A troubled protagonist, beset by disaster and malefaction, is touched by magic as he develops new emotional connections.

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TWO IF BY SEA

After losing his wife and unborn son in a tsunami in Australia, an expat horse trainer adopts a psychic 3-year-old.

As Mitchard’s (Second Nature: A Love Story, 2011, etc.) latest novel opens, a killer wave hits Brisbane. Among the victims are ex-cop Frank Mercy’s pregnant wife and almost her entire extended family. Dazed and grief-stricken, Frank joins the volunteer rescue efforts the next day, coming to the aid of a woman and two small boys in a van that is half underwater. He plucks out the littler child, but before he can get to the others, the vehicle is swept away. When the devastated Frank returns to his family’s horse farm in Wisconsin a few weeks later, he takes the components of an unexpected new life: the boy (whom he has not bothered to legally adopt), a huge horse named Glory Bee, and a young Irish groom. By this time he's learned that the boy he named Ian, who rarely speaks, has a telepathic gift—he can enter the minds of enraged people and make them calm down and be nice. Animals, too, as Frank sees when they descend into the cargo hold of their international flight, where Glory Bee and other zoo and domestic animals are going wild from the turbulent ride. “The boy had to jump back after the first time he touched Glory Bee’s leg through the…wooden slats of the makeshift stall.…She was roaring, cantering in place. But the second time Ian touched her, she stopped, and if she were a woman, Frank believed he would have seen her stand there, sobbing.” Frank recognizes the possibility that Ian’s power could easily be used for evil—and soon enough, it becomes clear that very bad people are hunting him down, murdering those who get in their way. Meanwhile, Frank meets another woman, an equestrian psychiatrist who asks him to train her and her horse for the Olympics. As his heart begins to heal, he faces the challenge of protecting Ian from the mounting threat.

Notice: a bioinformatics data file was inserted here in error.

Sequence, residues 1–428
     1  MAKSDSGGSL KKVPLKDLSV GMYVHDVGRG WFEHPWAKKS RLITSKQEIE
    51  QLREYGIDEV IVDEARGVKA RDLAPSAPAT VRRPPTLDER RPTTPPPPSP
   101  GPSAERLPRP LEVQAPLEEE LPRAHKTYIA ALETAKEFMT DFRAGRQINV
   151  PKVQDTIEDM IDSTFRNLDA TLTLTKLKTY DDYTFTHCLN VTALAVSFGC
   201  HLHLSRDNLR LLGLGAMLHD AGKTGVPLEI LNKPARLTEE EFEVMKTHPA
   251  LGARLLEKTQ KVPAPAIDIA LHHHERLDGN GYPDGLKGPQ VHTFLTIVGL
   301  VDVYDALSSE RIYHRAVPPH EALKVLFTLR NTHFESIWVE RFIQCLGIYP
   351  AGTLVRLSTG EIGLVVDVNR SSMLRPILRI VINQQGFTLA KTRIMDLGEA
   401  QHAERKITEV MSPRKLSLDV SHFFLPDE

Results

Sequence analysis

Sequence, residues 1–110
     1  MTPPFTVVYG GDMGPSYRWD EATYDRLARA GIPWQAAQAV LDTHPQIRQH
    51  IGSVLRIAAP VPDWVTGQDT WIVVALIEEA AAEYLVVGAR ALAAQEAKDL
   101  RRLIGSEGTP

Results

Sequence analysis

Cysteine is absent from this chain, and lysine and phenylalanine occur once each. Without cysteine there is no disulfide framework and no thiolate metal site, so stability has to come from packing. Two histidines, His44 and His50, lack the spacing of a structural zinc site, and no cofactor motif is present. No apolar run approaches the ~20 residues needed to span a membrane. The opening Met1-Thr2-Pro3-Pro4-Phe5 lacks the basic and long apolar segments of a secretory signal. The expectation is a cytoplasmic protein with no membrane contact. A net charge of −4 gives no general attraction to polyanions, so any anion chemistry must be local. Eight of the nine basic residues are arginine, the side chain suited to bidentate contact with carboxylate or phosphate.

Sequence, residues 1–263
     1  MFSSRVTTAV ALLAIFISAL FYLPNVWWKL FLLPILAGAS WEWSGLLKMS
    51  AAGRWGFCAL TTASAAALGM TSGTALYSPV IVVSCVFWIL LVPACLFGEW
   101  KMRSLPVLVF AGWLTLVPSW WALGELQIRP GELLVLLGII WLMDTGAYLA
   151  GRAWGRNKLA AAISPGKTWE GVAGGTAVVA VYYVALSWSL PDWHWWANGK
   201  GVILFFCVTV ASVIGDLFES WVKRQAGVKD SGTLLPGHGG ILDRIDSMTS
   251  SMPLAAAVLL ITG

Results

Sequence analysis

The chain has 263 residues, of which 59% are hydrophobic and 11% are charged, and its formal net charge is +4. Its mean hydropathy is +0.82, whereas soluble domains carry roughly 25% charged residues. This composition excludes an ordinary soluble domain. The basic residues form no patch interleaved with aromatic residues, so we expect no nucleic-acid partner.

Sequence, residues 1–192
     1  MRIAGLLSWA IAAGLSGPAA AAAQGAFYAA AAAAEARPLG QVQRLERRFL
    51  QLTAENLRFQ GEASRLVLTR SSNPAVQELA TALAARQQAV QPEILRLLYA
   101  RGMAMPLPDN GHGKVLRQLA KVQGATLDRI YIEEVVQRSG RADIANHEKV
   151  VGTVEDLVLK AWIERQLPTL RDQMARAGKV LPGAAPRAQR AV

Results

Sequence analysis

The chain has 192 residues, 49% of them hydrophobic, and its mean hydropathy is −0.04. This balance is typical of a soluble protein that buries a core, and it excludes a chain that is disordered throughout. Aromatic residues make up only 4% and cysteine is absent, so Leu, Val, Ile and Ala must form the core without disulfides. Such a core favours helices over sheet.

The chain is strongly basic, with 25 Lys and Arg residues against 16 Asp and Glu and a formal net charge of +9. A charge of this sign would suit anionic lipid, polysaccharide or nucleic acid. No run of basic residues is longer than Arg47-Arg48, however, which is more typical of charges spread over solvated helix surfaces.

A troubled protagonist, beset by disaster and malefaction, is touched by magic as he develops new emotional connections.

Pub Date: March 15, 2016

ISBN: 978-1-5011-1557-8

Page Count: 416

Publisher: Simon & Schuster

Review Posted Online: Dec. 9, 2015

Kirkus Reviews Issue: Dec. 15, 2015

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Kin “[find] each other’s lives inscrutable” in this rich, sharp story about the way identity is formed.

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THE VANISHING HALF

Inseparable identical twin sisters ditch home together, and then one decides to vanish.

The talented Bennett fuels her fiction with secrets—first in her lauded debut, The Mothers (2016), and now in the assured and magnetic story of the Vignes sisters, light-skinned women parked on opposite sides of the color line. Desiree, the “fidgety twin,” and Stella, “a smart, careful girl,” make their break from stultifying rural Mallard, Louisiana, becoming 16-year-old runaways in 1954 New Orleans. The novel opens 14 years later as Desiree, fleeing a violent marriage in D.C., returns home with a different relative: her 8-year-old daughter, Jude. The gossips are agog: “In Mallard, nobody married dark....Marrying a dark man and dragging his blueblack child all over town was one step too far.” Desiree's decision seals Jude’s misery in this “colorstruck” place and propels a new generation of flight: Jude escapes on a track scholarship to UCLA. Tending bar as a side job in Beverly Hills, she catches a glimpse of her mother’s doppelgänger. Stella, ensconced in White society, is shedding her fur coat. Jude, so Black that strangers routinely stare, is unrecognizable to her aunt. All this is expertly paced, unfurling before the book is half finished; a reader can guess what is coming. Bennett is deeply engaged in the unknowability of other people and the scourge of colorism. The scene in which Stella adopts her White persona is a tour de force of doubling and confusion. It calls up Toni Morrison’s The Bluest Eye, the book's 50-year-old antecedent. Bennett's novel plays with its characters' nagging feelings of being incomplete—for the twins without each other; for Jude’s boyfriend, Reese, who is trans and seeks surgery; for their friend Barry, who performs in drag as Bianca. Bennett keeps all these plot threads thrumming and her social commentary crisp. In the second half, Jude spars with her cousin Kennedy, Stella's daughter, a spoiled actress.